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Sir Philip Albert Gustave David Sassoon
3rd Baronet
(December 4, 1888 - June 3, 1939) U.K.

Philip Sassoon

Politician, art collector

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Philip Sassoon was a member of the prominent Jewish Sassoon family and Rothschild family. He was born in his mother's mansion on Avenue de Marigny, Paris. His father was Sir Edward Albert Sassoon, 2nd Baronet, MP, son of Albert Abdullah David Sassoon; his mother was Aline Caroline, daughter of Gustave Samuel de Rothschild. He was a cousin of the war poet Siegfried Sassoon.

He was educated at Farnborough Prep school, Eton before going up to Oxford. Old Etonian Arthur Balfour recommended the Debating Society to him. Philip Sassoon was taught aesthetics by Henry Luxmoore giving an insight into philosophy and social realism. However he chose to read Modern History at Christ Church, Oxford. He was one of only 25 Jewish undergraduates, but was invited to join the Bullingdon Club. He joined the East Kent Yeomanry while still at Oxford and commissioned a second lieutenant.

Philip Sassoon entered Parliament in 1912. He served as private secretary to Field Marshal Haig during the First World War from 1915-1918. He succeeding his father, initially as the "Baby of the House". He was Parliamentary Private Secretary to David Lloyd George in 1920. Between 1924 and 1929 and again from 1931 until 1937 he served as Under-Secretary of State for Air, and gained much prominence in political circles. He was appointed a Privy Councillor in the 1929 Dissolution Honours. In 1937 he became First Commissioner of Works, a post which he held until his death, aged fifty, two years later.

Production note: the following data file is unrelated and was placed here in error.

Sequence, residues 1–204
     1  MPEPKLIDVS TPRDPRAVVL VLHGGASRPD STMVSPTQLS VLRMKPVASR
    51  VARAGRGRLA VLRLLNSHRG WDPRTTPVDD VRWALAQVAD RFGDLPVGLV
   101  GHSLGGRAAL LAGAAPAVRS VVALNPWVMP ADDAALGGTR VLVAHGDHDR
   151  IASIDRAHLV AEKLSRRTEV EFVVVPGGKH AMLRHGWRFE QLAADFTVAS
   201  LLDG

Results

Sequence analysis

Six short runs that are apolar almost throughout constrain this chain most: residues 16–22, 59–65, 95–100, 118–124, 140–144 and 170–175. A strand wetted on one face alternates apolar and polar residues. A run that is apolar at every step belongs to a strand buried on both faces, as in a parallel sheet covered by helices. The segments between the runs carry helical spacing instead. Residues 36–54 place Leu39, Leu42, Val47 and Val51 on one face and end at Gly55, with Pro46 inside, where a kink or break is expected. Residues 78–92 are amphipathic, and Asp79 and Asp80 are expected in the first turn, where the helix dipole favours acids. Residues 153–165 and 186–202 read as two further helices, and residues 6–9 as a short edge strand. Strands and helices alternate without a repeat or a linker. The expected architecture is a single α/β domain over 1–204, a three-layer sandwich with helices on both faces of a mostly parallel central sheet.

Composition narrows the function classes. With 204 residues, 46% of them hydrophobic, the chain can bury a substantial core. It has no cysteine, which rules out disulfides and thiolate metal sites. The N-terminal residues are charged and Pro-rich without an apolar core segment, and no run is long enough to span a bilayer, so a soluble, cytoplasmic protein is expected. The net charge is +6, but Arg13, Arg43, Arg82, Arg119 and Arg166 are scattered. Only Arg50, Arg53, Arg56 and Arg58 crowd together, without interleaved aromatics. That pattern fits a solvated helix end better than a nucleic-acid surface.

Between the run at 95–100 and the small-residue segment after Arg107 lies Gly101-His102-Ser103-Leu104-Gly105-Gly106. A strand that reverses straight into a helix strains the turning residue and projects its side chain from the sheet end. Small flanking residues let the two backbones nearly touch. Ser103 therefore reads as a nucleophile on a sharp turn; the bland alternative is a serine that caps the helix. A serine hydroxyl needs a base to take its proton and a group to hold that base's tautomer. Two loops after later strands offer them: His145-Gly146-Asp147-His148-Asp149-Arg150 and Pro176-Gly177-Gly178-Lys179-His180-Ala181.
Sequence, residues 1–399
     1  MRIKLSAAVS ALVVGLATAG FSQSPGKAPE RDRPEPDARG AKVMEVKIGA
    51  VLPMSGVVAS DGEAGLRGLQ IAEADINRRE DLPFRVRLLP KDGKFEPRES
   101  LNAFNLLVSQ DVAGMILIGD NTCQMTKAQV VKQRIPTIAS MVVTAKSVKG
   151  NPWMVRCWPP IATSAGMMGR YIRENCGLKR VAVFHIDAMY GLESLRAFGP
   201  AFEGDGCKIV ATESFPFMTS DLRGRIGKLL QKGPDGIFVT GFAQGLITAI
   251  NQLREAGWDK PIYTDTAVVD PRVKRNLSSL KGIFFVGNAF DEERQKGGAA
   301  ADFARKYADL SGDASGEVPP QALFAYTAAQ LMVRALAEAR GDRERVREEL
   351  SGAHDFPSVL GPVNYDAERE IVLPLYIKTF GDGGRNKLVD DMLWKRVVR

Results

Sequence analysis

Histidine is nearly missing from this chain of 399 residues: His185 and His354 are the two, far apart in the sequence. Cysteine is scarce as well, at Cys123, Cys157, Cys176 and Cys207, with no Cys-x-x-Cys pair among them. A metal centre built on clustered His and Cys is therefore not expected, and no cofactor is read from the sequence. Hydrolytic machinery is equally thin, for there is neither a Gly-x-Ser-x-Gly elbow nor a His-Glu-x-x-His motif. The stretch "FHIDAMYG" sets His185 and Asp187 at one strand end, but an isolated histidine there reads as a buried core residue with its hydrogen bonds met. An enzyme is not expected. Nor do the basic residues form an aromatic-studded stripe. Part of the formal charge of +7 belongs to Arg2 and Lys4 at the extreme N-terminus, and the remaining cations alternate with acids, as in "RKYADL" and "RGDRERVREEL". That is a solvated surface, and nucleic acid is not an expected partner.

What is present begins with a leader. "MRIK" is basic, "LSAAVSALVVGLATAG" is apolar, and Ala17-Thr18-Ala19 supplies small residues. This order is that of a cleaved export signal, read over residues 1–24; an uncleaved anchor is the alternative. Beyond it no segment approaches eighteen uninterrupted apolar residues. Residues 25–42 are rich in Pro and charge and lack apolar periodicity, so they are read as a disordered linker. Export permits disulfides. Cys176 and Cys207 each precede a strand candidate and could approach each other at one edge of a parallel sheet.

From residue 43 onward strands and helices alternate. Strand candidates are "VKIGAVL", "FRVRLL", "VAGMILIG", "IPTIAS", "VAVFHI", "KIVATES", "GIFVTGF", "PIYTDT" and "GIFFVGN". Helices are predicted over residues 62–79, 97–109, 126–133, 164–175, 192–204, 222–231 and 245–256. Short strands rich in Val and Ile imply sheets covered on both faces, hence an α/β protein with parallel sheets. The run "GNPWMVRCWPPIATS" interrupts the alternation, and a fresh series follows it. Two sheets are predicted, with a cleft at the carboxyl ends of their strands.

He had a reputation for being one of the greatest hosts in Britain. Herbert Baker designed one house for him in 1912, Port Lympne, later the Port Lympne Wild Animal Park, in Kent, and Philip Tilden largely re-built another at Trent Park, Cockfosters, from 1923. Stylistic differences between the two houses illustrate changes in taste among members of British high society of the period.

Trent Park possessed a landscape designed by Humphrey Repton but the existing house was Victorian and undistinguished. Sassoon and his designers turned it into one of the houses of the age, "a dream of another world - the white-coated footmen serving endless courses of rich but delicious food, the Duke of York coming in from golf. One frequent guest was Lawrence of Arabia.

He was Chairman of the Trustees of the National Gallery from 1933 - 1935, and as Minister for Works in the 1930s he was responsible for embellishing many of London's monuments and parks. As a collector Philip Sassoon was, like many of the Rothschilds, drawn mainly to the English and French 18th century, but he also collected contemporary artists such as John Singer Sargent and William Orpen.

Sassoon was said to have lived an openly homosexual life. He died, aged 50, of complications from influenza.

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Source: Wikipedia, the free encyclopedia

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